Grief councellors: Needed or not?

A tragic accident and a child dies too young. The school rushes in grief councellors to the classmates.

I have no experience with this phenomenon, except for the numerous newspaper articles to which the above is a summary.

We had a fellow student die when I was in grade school. It was tragic, sad, an opportunity for our trusted teacher to talk/listen about death in general and this student in particular. We got ourselves through it and became just a little bit wiser.

Is the grief councellor influence an example of our being too protective of our kids, or is this a great step in the evolution of a better society? What do grief councellors do between events (I imagine them playing cards then sliding down the bat-pole when the red phone rings - pardon the mixed images).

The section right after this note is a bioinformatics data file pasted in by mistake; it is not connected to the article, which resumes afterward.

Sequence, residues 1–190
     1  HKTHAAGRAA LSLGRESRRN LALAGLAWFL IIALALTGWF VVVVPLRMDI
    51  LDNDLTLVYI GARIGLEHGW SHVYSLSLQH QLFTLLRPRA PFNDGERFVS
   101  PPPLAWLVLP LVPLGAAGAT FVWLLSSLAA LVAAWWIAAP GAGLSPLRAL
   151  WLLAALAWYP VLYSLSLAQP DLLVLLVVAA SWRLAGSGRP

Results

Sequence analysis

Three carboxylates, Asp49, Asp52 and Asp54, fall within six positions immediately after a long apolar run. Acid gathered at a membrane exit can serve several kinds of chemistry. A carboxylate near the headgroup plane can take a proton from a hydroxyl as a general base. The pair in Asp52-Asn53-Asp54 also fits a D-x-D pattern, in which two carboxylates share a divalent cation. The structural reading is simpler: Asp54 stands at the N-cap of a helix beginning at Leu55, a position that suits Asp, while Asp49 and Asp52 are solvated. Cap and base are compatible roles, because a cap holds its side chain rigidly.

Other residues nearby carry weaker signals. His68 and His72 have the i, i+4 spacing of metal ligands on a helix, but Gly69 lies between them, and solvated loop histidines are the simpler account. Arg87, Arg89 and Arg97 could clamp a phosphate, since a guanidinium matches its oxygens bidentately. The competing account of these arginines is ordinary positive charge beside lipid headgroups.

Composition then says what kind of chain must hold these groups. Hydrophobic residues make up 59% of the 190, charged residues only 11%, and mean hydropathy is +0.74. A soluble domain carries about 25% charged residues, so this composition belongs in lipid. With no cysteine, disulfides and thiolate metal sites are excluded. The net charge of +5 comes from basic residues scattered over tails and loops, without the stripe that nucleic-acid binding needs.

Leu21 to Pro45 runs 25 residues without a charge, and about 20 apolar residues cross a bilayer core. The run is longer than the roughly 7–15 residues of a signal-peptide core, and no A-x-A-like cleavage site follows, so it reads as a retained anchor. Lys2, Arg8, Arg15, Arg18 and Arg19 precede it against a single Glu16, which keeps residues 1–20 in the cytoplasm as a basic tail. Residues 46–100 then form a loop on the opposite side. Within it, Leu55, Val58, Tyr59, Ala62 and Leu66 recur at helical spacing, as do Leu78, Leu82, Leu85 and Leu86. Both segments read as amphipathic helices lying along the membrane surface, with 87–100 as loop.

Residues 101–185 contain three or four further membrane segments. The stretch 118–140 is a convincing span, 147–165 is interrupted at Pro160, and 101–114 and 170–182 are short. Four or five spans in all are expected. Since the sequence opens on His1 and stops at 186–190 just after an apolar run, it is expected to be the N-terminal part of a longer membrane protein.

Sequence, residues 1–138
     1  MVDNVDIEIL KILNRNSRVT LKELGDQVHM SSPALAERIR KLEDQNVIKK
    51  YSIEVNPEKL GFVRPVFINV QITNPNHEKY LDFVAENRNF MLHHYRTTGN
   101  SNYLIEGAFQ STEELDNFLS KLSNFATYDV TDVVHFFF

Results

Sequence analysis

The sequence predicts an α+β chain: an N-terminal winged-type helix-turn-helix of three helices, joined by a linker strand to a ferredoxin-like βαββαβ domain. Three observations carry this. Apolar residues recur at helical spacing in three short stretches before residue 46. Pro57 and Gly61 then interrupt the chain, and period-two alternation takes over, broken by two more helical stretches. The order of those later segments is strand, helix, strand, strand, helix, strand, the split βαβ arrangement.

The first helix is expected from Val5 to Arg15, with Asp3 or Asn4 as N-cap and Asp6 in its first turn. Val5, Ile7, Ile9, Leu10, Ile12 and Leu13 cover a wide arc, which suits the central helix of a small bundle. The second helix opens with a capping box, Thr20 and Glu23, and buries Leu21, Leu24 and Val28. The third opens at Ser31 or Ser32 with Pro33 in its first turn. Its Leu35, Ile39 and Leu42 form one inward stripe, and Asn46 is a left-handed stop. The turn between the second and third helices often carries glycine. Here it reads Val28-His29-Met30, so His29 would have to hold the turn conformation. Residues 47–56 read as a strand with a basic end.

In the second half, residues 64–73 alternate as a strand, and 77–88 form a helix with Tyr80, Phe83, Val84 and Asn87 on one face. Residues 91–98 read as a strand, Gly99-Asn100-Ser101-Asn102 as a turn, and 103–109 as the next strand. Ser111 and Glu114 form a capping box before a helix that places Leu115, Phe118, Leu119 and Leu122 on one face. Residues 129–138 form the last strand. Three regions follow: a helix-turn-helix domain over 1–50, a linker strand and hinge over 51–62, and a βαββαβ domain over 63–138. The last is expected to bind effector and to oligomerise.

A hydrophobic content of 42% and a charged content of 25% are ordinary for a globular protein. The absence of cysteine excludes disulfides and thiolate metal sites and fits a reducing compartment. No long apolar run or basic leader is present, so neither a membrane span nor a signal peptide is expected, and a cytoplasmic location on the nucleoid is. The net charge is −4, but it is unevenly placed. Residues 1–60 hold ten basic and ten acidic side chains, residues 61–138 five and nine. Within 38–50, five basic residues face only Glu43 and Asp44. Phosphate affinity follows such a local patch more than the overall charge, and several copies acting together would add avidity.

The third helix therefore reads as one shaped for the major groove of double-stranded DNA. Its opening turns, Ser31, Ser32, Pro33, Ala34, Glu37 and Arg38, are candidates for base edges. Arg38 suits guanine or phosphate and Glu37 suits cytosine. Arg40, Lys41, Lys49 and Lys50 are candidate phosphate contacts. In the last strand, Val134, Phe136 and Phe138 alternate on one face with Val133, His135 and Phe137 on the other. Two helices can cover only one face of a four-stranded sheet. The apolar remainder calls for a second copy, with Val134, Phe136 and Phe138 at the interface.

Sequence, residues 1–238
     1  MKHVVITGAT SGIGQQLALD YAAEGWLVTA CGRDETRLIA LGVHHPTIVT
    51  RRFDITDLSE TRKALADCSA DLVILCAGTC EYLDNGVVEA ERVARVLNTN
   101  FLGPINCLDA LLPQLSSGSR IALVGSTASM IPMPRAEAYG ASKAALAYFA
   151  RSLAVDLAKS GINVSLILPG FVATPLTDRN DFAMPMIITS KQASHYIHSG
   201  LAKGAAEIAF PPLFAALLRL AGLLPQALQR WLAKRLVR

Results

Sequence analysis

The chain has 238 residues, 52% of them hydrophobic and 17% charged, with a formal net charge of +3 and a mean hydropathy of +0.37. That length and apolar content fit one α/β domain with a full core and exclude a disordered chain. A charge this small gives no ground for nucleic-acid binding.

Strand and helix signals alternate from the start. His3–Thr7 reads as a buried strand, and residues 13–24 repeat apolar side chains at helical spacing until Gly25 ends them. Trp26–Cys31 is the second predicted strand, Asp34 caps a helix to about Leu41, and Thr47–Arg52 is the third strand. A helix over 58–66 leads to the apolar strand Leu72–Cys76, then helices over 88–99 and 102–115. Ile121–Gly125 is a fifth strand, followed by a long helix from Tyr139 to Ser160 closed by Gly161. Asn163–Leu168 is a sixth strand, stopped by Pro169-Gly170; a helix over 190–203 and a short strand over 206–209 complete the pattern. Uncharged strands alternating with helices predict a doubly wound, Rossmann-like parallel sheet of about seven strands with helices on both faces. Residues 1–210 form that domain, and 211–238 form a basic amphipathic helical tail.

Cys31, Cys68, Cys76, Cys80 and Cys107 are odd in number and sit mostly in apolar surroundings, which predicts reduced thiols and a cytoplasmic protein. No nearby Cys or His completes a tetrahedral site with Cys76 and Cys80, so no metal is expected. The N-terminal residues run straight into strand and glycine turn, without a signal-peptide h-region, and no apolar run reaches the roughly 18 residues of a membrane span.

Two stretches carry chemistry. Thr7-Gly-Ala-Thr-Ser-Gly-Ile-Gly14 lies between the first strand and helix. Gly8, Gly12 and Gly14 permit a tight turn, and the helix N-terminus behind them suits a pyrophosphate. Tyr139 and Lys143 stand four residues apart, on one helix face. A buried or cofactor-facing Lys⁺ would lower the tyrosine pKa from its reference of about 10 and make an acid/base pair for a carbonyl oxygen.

The current issue of Reason magazine has a great article about the mental health crisis that wasn’t after 9/11, when a lot of people planned for a rush of grief counseling and trauma treatment that no one ever needed.

I think making grief counselors available is a noble idea, but most people have their own ways of coping with grief, and don’t necessarily need a stranger to come in and help them deal with the event. Teachers and school counselors could keep an eye out for students who seem to have dealing with it badly, or who were close to the deceased student, and offer intervention then if it was appropriate and welcome.

Grief counselling on a wholesale basis is another form of a manufactured problem in order to provide sustenance for councellors. Any child or anyone with a problem with a death of a near/dear friend, school mate, work associate, etc should be provided with appropriate counselling. To provide or push it on those not in need is an insult to those individuals way of coping with the problem.